“Serving in the Same Spirit”
Serving in the Same Spirit
May 14, 2019
Have you ever had the experience of being surprised by discovering you had something in common with some person or some group whom you had assumed was very different from you or the group you belonged to? A time when this has happened to me occurred while taking a study abroad class in Ghana, West Africa my senior year of college. At the end of our course we were to choose some aspect of development work to research and report back on to the larger group. Our team decided to look into the role of religion in development work. We wanted to find out more about how religion influenced such efforts for good or for ill and how charitable groups needed to be sensitive to local religious beliefs when trying to make improvements for their health and well-being.
In order to accomplish our research, we decided to come up with a list of questions and then go out and ask the same questions to an equal number of both Christian and Muslim local charities. What we found is that despite different theological approaches and different spiritual practices, there seemed to exist a similar belief in an aspect of God which called them to have concern for their neighbor—a call to help those who were in need.
I found this very encouraging and inspiring. Until I had come to Ghana I had to admit that I had not thought much about how this core conviction in the Christianity I believed in might also be shared with people of a completely different religion. While I grew up being very familiar with a lot of the charitable work done by Christian organizations around the globe, it had not occurred to me that a faith like Islam also had their own relief and development organizations. I was surprised to discover the same spirit of compassion and generosity in my religion in another religion I had assumed was simply different from my own.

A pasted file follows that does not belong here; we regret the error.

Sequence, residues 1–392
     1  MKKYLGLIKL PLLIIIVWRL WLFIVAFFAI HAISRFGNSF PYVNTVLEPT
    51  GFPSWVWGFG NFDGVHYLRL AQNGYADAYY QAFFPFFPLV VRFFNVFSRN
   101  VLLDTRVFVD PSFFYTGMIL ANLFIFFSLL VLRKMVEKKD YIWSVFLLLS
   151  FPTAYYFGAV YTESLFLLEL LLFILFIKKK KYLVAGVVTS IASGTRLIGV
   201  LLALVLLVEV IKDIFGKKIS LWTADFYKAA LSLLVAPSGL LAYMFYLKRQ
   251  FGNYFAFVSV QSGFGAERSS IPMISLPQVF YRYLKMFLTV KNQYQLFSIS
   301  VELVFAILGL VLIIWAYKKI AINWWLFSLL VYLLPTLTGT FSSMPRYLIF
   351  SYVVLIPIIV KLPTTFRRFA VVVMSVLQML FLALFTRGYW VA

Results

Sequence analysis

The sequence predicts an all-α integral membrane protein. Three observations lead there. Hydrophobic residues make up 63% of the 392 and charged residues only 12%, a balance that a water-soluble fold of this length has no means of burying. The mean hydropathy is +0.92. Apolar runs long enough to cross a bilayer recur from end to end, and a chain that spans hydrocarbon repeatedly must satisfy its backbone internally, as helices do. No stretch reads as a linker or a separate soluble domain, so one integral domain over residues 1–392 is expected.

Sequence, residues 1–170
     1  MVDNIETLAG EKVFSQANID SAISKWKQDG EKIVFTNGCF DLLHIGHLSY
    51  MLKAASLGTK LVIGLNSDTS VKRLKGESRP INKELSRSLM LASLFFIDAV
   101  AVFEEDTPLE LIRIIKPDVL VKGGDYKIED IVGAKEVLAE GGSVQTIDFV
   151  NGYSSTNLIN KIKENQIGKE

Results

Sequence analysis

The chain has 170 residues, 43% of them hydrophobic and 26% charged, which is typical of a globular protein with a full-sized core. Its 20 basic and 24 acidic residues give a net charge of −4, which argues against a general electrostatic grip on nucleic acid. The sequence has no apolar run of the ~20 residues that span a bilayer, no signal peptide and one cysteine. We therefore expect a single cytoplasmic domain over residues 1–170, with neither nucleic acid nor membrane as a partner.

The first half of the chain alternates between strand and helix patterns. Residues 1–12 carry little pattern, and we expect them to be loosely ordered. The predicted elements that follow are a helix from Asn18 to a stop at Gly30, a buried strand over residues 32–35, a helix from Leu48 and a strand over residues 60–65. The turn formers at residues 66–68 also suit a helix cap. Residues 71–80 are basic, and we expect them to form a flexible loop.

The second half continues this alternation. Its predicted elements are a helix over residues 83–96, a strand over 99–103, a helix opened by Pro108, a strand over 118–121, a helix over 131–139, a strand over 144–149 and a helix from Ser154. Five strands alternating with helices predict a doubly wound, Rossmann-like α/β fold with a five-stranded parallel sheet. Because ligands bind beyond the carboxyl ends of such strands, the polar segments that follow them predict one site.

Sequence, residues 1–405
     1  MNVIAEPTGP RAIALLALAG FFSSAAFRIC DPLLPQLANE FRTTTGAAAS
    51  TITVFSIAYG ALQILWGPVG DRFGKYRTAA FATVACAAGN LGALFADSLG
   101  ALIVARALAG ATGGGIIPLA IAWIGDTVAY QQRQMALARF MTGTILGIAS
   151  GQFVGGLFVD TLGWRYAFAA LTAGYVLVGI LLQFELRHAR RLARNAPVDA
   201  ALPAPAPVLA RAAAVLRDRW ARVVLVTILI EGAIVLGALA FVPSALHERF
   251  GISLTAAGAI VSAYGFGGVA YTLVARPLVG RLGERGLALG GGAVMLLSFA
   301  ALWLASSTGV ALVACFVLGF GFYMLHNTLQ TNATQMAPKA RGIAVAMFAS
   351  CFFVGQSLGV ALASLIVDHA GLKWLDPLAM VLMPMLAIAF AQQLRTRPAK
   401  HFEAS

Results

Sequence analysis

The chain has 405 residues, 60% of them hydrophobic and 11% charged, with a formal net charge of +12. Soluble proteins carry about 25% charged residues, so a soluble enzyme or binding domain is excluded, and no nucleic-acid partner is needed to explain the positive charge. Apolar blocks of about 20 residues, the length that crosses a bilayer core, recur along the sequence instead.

In the Book of Acts which we will hear from on Sunday, Peter is surprised by how the same Holy Spirit that came upon him, also comes upon some people he would have assumed it would not have come upon because they were Gentiles and not Jews. In other words, they were not from his religion or tribe. They were different. Yet he cannot deny the same Spirit coming upon them because he experiences it in person. He sees it with his own eyes. God seems to want to include these outsiders and have Peter work with them so that they can be saved and spread the good news as well.
What if instead of dwelling only on differences we looked to see if people who were different might also have the same Spirit of compassion, generosity and love that Christ places inside of us? What if instead of jumping to conclusions about who we think other people are we instead were open to being surprised by what we may have in common? What if instead of making assumptions about who God has really chosen, we lift up the character of a God who truly shows no partiality and makes no distinction between us and them?
-Pastor Erik Goehner